I was recently introduced to the concept of “Ethics of Care” by Indira Nair, who has written a couple of articles on the subject as applies to STEM fields. When we think about situations in which moral decisions must be made, we can consider how different individuals make those choices. One traditional method is to look at the development of individuals as moving from decisions made from self interest to ones made in terms of justice and universal rights. Feminist philosophers such as Carol Gilligan have developed another frame, which is moving from care of the self, to care of others, to balancing ones own needs with others. This is an ethics based on care, responsibility and relationships.
The most interesting thing about this, from my point of view, is that Nair and her colleagues have applied this to engineering and science. This requires the creativity of expanding what we mean by care. If we see care as the addressing of human needs, then of course engineering, and technology are about care since they grow out of human needs, the needs of people, the tools that people use, the environments in which we live, the things that we need to support our lives and communities. Science often grows out of this kind of care as well.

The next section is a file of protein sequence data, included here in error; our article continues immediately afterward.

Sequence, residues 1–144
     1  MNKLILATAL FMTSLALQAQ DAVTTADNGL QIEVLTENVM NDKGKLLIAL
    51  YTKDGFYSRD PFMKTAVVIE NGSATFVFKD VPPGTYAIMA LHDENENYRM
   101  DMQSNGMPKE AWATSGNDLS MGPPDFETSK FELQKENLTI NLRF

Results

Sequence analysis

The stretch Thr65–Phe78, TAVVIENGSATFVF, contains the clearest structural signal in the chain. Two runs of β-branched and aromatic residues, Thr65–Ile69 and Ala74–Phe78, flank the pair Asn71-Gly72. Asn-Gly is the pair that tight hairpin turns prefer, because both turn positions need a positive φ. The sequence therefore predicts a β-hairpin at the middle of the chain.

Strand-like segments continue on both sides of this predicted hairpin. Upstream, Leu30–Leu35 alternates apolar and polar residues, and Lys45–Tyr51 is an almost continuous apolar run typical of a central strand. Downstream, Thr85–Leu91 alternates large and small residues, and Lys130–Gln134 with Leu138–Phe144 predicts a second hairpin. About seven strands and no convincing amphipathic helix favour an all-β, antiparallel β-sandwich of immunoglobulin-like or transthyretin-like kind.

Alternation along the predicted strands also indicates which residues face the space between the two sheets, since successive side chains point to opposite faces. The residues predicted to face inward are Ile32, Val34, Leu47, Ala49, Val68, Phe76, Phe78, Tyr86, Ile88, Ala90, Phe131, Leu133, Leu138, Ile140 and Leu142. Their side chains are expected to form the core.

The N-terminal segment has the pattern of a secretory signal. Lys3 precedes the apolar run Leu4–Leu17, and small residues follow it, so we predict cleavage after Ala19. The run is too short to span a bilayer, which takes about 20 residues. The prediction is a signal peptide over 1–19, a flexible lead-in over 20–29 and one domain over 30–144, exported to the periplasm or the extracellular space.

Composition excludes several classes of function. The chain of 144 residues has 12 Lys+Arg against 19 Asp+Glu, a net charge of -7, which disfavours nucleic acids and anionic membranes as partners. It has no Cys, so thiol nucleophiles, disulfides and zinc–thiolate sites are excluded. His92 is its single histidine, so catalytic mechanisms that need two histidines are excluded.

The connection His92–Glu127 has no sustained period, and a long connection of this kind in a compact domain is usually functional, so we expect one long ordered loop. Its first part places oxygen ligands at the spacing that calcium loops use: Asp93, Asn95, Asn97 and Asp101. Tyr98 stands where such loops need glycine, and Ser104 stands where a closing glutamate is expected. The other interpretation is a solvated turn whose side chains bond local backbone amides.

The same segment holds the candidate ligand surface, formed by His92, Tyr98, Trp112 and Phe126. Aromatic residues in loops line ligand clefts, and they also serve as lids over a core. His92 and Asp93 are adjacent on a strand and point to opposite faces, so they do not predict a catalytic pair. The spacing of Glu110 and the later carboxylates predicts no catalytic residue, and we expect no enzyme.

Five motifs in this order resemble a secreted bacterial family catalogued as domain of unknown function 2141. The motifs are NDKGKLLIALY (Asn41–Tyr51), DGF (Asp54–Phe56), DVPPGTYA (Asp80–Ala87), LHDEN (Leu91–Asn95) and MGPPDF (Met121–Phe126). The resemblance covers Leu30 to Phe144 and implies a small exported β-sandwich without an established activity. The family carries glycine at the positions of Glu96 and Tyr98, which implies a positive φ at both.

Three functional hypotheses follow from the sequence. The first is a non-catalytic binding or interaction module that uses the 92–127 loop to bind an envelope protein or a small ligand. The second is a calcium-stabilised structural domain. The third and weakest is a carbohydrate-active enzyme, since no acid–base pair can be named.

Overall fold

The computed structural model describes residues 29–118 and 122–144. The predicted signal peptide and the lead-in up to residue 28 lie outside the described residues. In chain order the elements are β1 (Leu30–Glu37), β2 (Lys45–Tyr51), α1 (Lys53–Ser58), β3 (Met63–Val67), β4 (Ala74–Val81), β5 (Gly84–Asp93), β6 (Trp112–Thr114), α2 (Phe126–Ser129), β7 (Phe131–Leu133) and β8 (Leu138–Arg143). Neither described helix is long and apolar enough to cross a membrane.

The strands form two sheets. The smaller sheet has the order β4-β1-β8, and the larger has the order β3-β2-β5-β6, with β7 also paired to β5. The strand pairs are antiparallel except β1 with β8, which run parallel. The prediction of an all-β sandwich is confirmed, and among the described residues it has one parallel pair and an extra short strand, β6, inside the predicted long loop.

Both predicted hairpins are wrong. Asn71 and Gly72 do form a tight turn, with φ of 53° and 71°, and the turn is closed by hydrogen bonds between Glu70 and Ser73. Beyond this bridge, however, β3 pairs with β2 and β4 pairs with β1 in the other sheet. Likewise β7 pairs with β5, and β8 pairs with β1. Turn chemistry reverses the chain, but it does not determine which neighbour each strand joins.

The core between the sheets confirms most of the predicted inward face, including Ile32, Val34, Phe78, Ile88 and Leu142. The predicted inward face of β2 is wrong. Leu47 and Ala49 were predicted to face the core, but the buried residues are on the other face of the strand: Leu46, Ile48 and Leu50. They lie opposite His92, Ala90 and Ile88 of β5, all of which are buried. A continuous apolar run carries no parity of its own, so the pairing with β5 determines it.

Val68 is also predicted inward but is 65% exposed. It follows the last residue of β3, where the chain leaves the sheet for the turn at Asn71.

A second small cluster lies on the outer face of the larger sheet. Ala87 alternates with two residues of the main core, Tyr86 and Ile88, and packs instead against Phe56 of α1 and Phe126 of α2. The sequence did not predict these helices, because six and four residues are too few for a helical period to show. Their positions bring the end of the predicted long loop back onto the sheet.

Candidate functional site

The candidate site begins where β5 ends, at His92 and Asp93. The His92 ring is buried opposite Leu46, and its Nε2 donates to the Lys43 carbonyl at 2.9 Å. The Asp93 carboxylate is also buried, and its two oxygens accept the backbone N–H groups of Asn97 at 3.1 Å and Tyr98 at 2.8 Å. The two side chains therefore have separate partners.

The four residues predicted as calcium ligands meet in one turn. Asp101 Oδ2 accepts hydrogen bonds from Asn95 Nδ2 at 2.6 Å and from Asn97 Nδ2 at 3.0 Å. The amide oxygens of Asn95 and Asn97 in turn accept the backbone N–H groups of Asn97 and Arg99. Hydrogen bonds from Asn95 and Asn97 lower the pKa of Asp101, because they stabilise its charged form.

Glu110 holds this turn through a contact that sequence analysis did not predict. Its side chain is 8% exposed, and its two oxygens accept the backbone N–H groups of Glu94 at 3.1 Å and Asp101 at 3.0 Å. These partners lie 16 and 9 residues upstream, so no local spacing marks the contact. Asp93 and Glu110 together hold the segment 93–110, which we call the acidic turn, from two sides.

Nair and Pantazidou have linked four aspects of care: attentiveness, responsibility, competence, and responsiveness to engineering and the design process. Attentivness is about recognizing and identifying the need. Responsibility in terms of engineering design is conceptualizing and determining how to respond to the need. Competence is about actually satisfying the need and producing a product or solution. Responsiveness is about the reception of the product and assessing the solution. Connections can be made with problem solving and with scientific process as well.
I am interested in the application of this idea to mathematics. Mathematics and mathematics education often at least appear to be failing to care in the sense of responding to a need. Often the need is there, but the math doesn’t (or doesn’t appear to) grow out of the need. I think it is often it looks like we are saying, “You definately need this math, but its up to you to figure out why you might need it” or “You need this math in order to get a degree and a good job” (but it has no intrinsic value itself). That of course naturally begs the question of why we need math at all, and I think this is actually an interesting question. We should be asking “Who needs math?” and “What do we need it for?” and “What counts as a need?” For instance, I have a 6-year-old and she “needs” math because she likes making patterns and writing down numbers. I “need” math because I teach it to other people. My spouse “needs” math to model brain rhythms. I have a friend “needs” math to figure out how to bill and pay employees for landscaping work.
I’m going to be thinking more about this, but I’m curious if others have thoughts as well!
Reference: Pantazidou, M., & Nair, I. (1999). Ethic of care: Guiding principles for engineering teaching and practice. Journal of Engineering Education-Washington, 88, 205–212.